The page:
2008. The year that no home-nations will get to play in the European Championship Finals in Austria and Switzerland. The long summer of watching the likes of Portugal, Germany and France compete to be the best in European football. Although England failed to qualify for the Finals, one good thing to come out of it was the FA’s decision to terminate the contract of Steve McClaren. Now with this years Championships, just months away, EA have thrown another football game onto the market with UEFA Euro 2008 – and it’s good.

UEFA Euro 2008 is practically FIFA 08 with a few tweaks – extra modes and only European countries (obviously). Whilst the FIFA 08 game was catching up on the Pro Evolution Soccer series, UEFA Euro 2008 plays as enjoyable as FIFA 08 does, with the aid of a few tweaks to the passing and shooting system – the easy viewable strength meter above the players head for both the power when passing and shooting the ball. Whilst this is only a minor tweak to the game, it’s very effective – especially when getting the perfect through-ball to your attacker. While everything’s much the same, let’s talk about some of the new features that have been added to UEFA Euro 2008.

Firstly, Captain Your Country. It does exactly as the title says, but you have to start from the beginning – the B team. Creating a player from scratch, you have to start from the bottom up and work your way up to leading your country to the Finals. When creating yourself (or just a random player), you get to do all your own custom player – such as your facial features, hairstyle, height, weight and of course, your style of football boots you’re going to where on the field. With your physical look sorted out, it’s time to use the points you get to improve your game; add power to your passing, add points to your speed and so forth – this can be done after you’ve earned points in the games before hand as you can constantly update your statistics.

As well as you competing for the captaincy, you can invite three friends to battle it out with you to become captain of your chosen country – if not, you compete with the three computer opponents that you select. Once everything is sorted, it’s to the field to become the number one contender for the first-team. The system works as the Be A Pro mode – just you in your position and you’re always rated at the end of each game. For example, if you’re a striker, the more goals you score, the higher the points you’re awarded – there are also points awarded for pass completion and so forth. Along with these points, you and the three computer competitors (or three friends) have a constant rating on-screen out of 10. This will increase and decrease on your abilities: strikers scoring is a plus; defenders losing the ball or giving away possession has a negative impact – a simple but effective system.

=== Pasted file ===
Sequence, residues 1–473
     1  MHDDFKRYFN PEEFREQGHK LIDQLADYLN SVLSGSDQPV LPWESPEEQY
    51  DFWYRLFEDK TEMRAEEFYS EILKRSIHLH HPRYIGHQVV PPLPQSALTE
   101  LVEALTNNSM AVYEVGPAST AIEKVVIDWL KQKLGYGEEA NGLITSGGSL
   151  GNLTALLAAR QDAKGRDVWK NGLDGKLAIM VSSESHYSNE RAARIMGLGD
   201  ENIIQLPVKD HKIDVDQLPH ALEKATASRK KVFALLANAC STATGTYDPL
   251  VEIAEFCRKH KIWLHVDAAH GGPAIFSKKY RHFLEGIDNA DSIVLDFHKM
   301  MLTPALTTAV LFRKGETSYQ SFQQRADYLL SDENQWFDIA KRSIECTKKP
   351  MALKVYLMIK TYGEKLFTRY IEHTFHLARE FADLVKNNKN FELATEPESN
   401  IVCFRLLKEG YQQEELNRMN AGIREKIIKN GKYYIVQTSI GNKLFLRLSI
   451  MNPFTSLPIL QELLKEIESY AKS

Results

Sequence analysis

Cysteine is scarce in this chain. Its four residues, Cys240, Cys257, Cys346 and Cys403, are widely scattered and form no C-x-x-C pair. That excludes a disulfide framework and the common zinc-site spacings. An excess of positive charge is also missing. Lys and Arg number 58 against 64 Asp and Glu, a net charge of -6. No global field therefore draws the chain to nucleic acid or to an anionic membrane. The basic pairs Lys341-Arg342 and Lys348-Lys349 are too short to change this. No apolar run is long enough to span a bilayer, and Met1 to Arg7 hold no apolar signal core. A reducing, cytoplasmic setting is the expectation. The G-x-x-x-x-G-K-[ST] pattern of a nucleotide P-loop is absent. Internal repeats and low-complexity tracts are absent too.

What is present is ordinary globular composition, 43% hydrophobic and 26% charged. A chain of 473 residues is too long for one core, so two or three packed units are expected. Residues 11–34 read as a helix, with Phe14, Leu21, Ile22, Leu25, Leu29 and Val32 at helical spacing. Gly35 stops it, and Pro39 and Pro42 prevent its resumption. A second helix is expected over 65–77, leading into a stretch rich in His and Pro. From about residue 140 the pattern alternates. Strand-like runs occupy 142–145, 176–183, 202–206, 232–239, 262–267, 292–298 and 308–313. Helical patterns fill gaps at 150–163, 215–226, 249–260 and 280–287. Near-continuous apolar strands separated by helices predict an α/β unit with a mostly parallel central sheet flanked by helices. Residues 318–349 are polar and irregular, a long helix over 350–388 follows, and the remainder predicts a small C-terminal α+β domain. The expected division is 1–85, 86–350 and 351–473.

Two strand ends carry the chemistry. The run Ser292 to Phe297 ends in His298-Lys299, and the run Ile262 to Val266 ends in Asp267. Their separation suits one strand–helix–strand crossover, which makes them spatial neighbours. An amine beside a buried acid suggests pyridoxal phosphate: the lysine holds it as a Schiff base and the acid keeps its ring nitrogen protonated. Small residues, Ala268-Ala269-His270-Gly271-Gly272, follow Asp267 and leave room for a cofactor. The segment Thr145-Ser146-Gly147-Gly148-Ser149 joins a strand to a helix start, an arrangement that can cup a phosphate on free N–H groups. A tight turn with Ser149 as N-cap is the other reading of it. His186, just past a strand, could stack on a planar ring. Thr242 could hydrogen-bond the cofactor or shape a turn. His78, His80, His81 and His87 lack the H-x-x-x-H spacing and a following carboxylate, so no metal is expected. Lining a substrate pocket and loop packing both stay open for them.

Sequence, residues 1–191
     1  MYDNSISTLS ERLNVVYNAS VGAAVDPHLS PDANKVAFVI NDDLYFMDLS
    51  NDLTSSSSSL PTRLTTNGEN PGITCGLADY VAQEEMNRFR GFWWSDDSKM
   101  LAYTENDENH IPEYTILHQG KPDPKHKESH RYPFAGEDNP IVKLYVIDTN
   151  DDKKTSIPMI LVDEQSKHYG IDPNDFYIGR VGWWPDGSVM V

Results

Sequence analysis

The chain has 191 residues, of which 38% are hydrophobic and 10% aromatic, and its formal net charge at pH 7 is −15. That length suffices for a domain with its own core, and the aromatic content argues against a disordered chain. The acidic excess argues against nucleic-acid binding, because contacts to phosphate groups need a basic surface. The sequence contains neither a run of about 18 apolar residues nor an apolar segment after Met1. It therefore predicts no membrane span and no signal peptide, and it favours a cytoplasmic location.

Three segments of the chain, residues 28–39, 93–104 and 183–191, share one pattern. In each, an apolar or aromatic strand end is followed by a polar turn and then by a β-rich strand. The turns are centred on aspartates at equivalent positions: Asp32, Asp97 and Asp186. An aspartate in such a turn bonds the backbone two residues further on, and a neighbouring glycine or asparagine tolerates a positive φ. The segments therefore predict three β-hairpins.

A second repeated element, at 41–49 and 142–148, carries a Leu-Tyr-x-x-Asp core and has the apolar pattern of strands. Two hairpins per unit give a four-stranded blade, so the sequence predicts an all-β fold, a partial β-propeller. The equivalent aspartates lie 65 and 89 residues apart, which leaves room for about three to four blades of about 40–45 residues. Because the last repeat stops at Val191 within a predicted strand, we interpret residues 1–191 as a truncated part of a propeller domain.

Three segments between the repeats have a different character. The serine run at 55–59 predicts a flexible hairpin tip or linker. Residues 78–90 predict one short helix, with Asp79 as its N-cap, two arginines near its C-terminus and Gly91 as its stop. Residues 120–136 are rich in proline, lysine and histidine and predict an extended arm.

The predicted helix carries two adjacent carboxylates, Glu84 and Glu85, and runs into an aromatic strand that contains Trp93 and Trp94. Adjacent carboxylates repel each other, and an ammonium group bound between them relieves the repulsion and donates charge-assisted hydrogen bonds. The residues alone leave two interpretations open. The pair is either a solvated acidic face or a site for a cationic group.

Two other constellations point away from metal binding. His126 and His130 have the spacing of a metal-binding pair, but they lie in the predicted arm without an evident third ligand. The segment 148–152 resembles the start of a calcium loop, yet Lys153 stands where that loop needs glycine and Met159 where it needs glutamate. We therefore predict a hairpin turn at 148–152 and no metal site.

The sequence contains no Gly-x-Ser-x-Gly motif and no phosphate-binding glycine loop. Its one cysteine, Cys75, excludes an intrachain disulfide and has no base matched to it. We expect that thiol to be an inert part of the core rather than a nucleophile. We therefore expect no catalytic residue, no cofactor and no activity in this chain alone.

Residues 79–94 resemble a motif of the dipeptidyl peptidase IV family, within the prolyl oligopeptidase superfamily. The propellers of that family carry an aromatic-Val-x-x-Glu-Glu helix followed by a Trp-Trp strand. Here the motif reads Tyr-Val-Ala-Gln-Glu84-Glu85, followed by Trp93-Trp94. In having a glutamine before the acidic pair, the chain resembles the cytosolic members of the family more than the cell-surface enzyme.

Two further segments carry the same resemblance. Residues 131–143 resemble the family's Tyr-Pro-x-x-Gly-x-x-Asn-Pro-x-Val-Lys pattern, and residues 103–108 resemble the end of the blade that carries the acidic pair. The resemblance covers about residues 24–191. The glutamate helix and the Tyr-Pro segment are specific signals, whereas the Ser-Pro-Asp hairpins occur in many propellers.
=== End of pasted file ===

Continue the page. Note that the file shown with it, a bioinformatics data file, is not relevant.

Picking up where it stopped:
Another excellent addition is the Battle of the Nations competition, that happens both online and offline. Every game you play or challenge you complete, you’re awarded points, and as you earn these points, they’re added to the countries total: all players in England will have an overall score, all players in Germany will have an overall score and so on. So, if you really have that pride for England and the ‘hate’ (such a strong word) for the Germans, it’s all about contributing to England’s total (COME ON ENGLAND!), or whatever country you’re from.

Skills are also in UEFA Euro 2008 and they certainly help against the quite challenging AI. Skills such as step-over’s, drag-backs and if you’re really want to be skilful, you can try and flick the ball over your head from behind and also lift it over your opponent/s and run on to it. Although it is possible to use your tricks on the ’lower’ difficulties, from Professional up, the game truly does get challenging. The AI is remarkably life-like with the computer reading all your moves, cutting out your passes and sticking to their man they’ve been given by their manager. Along with the AI of the players alone, the lower ranking teams in the world seem to play a 8-1-1 formation; teams such as Andorra keep it very tight at the back with practically their whole squad behind the ball and keeping a player up the pitch just incase they go on the attack. The AI is remarkable to say the least and will prove a challenge on the higher difficulties.

New to UEFA Euro 2008 is the ability to control your goal-scorers celebrations! Using a selection of buttons, your player can celebrate by running to the corner flag with his finger on his lip, drop down to one knee and act as if he has a weapon in his hands, the celebrations are extremely good and when you play with family/friends, it’s good to be 2-0 down in the last 10 minutes and fight back for a draw; nothing like Owen putting his finger on his lip as you play a psychological game. To pull off these celebrations, you run where you want to, pressing either one of the A,B,X or Y buttons – throwing your hands in the air, performing a low flying aeroplane and so forth. Once this is done, the game will go into the ‘video’ mode where the game looks realistic with clear facial features, before finally bringing your celebration to an end with a kneeling fist in the air, arms out to the crowd and so on; these are done by holding down the L-Bumper and pressing A,B,X or Y.